So far, the federal group in charge of laying out the requirements has said that hospitals must use an EMR for jobs such as tracking medications, accessing lab test results and recording patient care progress. At doctors' offices, computerized physician order entry systems must replace paper notes, while at hospitals, at least 10 percent of doctors' orders must go through that kind of electronic system. Insurance claims must be submitted electronically from an office, clinic or hospital. IT definitely has the ear of C-level health care executives, says John Stanley, SVP and CIO of Riverside Health System in Newport News, Va. The question is how to bend it.
Riverside started automating physician-office-based patient records 13 years ago, but the stimulus incentives have "put some more urgency into our journey," Stanley says. He runs two different electronic medical records systems. The principal user is Riverside Medical Group, a multispecialty group of close to 400 practitioners scattered over multiple market areas. Many physicians currently utilize CPOE and electronic prescribing capabilities. They also have an electronic record system in their Acute Care division, and the two systems exchange information. CPOE is currently being implemented across the various hospitals, starting with the hospitalists.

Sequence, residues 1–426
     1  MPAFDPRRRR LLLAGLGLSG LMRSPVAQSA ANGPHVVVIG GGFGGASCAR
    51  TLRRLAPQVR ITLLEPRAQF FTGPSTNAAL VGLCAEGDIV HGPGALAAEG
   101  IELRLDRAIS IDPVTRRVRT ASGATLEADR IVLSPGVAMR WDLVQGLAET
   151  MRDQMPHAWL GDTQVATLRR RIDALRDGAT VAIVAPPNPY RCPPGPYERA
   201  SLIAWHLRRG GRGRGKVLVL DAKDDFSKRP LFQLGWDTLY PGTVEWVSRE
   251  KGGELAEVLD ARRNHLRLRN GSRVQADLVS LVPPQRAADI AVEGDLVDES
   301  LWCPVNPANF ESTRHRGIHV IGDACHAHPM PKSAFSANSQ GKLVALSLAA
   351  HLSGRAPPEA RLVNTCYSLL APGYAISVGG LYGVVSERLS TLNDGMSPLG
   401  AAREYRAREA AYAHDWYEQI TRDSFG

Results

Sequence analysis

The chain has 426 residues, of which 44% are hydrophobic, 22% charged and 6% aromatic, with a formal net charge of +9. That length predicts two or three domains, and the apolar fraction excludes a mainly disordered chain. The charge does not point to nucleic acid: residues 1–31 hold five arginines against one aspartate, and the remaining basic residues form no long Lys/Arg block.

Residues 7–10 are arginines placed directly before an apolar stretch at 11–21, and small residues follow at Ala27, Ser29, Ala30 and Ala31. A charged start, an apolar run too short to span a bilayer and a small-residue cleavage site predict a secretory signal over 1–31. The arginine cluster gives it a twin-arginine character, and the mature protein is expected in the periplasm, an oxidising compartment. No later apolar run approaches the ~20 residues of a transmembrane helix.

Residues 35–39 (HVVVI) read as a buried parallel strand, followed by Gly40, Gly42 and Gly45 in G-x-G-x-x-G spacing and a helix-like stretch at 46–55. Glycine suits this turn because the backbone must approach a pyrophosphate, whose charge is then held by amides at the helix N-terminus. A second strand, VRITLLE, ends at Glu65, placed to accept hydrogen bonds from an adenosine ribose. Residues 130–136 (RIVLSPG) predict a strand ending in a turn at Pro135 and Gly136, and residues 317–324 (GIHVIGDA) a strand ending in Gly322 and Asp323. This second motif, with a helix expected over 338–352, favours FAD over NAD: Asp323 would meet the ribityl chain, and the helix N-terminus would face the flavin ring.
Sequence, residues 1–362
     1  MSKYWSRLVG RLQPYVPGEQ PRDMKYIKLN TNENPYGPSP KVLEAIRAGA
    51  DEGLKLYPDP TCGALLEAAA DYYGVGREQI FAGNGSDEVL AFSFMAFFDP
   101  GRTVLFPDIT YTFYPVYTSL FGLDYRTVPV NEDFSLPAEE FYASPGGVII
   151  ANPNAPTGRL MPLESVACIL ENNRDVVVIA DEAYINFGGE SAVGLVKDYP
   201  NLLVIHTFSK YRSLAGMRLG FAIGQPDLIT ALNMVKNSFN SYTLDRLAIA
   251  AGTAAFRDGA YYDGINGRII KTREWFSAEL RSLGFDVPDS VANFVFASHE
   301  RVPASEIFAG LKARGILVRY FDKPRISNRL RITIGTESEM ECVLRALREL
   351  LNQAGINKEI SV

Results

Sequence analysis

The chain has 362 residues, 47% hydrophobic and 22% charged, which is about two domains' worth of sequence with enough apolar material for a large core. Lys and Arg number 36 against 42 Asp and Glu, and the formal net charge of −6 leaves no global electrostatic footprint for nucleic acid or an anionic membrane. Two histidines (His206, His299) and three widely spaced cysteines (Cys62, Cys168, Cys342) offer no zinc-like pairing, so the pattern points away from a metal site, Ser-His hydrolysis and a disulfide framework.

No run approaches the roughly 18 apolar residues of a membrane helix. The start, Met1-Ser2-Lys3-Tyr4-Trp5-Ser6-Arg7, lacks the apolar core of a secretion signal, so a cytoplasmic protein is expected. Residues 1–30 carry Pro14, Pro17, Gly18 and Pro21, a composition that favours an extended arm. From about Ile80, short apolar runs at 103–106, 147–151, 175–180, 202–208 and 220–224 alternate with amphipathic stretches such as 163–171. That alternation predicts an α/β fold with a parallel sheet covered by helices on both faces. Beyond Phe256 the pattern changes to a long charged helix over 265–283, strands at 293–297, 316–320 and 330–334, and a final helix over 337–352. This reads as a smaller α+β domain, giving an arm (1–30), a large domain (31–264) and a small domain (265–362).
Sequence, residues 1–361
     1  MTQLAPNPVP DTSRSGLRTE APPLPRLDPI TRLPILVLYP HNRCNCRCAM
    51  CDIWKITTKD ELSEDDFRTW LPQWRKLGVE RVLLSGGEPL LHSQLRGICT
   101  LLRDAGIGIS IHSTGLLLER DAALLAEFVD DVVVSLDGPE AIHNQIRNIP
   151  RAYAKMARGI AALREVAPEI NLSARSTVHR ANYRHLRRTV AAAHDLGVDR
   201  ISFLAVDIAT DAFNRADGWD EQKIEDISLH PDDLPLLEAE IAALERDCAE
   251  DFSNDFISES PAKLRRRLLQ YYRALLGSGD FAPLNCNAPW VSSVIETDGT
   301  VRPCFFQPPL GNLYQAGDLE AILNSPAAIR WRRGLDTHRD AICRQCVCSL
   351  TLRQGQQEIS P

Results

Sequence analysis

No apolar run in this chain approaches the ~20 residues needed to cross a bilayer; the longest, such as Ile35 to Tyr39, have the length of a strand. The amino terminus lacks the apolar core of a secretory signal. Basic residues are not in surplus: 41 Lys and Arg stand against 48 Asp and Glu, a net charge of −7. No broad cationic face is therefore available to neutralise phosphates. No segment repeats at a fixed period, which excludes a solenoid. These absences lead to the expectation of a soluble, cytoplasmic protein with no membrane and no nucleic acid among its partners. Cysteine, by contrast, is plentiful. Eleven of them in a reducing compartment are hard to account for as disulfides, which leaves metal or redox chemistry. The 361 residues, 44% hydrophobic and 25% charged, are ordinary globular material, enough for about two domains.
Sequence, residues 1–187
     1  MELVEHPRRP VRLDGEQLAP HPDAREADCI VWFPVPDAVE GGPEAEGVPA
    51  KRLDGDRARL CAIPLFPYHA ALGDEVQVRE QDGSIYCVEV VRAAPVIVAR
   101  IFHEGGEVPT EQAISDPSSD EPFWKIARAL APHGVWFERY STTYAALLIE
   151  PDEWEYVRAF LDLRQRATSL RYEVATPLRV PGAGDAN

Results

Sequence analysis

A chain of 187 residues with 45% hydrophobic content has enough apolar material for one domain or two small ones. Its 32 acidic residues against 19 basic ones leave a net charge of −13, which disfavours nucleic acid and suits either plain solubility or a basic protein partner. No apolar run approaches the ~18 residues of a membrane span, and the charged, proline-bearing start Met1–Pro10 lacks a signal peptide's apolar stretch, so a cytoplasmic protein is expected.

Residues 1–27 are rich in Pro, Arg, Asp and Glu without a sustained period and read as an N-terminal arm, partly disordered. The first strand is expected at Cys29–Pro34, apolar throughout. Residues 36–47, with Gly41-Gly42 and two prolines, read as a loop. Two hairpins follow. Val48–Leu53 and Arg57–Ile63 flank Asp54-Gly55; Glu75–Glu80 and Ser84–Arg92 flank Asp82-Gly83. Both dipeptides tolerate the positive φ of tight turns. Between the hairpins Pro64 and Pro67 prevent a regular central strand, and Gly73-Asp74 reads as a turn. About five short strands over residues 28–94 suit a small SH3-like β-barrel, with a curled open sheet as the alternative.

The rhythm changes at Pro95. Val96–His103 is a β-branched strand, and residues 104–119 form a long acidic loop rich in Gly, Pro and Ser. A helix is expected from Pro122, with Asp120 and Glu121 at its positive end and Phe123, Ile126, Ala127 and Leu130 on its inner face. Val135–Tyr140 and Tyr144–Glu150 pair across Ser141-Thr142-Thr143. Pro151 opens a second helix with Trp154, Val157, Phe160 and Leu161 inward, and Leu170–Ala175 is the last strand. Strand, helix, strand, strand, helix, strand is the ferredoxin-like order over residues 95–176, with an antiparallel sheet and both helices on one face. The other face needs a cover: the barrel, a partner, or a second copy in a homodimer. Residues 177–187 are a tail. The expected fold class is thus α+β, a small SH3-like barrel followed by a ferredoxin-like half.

These sorts of technology projects are winning out over other business projects to get capital and the OK to hire, he says, estimating that the hospital will receive $20 million, subject to final regulations, from 2011 to 2015-a goodly sum for a nonprofit.
But for those who haven't begun automating, 2011 is going to come fast, says Aurelia Boyer, CIO of New York Presbyterian, a $3 billion, 2,200-bed healthcare provider.
"We started on this path way before Obama was elected," says Boyer, who is a registered nurse with an MBA. "If you haven't even started, you can't make it." She says her hospital could spend "tens of millions of dollars" when all is said and done. New York Presbyterian recently finished a Web portal based on Microsoft's HealthVault, where patients can access their health records, request appointments and pay bills. Crucial to opening up hospital data to patient access was the support of her C-level peers, she says. It's a major change in mind-set to unlock formerly sequestered, heavily guarded information that many care-givers consider their private domain. That change has to flow from the top, she explains, if staff are to accept new processes and the technology that supports them. "We believe this is the patient's data."
Steadfast Through Rough Patches